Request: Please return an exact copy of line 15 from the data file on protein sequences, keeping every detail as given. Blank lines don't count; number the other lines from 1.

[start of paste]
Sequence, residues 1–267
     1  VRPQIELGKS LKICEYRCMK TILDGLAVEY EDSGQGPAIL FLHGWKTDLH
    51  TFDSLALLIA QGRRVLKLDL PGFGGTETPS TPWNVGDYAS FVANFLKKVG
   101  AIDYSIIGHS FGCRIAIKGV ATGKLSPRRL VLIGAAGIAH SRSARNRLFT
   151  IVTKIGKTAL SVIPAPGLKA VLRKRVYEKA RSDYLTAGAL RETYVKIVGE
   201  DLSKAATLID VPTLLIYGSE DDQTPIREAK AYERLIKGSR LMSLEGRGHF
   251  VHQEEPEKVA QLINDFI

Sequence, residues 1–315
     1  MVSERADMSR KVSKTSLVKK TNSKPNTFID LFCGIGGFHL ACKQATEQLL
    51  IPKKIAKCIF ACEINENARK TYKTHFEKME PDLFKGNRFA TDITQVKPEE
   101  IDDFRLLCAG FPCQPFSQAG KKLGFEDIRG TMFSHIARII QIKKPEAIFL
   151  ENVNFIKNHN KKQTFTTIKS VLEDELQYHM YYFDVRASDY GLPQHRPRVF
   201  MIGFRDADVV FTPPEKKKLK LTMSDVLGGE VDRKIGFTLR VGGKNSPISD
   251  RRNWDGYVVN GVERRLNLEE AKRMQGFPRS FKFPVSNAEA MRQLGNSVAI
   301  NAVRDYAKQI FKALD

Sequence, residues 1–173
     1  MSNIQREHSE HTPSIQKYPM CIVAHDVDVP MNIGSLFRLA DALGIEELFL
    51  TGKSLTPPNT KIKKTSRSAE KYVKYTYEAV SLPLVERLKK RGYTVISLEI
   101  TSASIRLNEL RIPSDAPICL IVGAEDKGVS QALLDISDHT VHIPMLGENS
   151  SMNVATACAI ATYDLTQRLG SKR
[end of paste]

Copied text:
   301  NAVRDYAKQI FKALD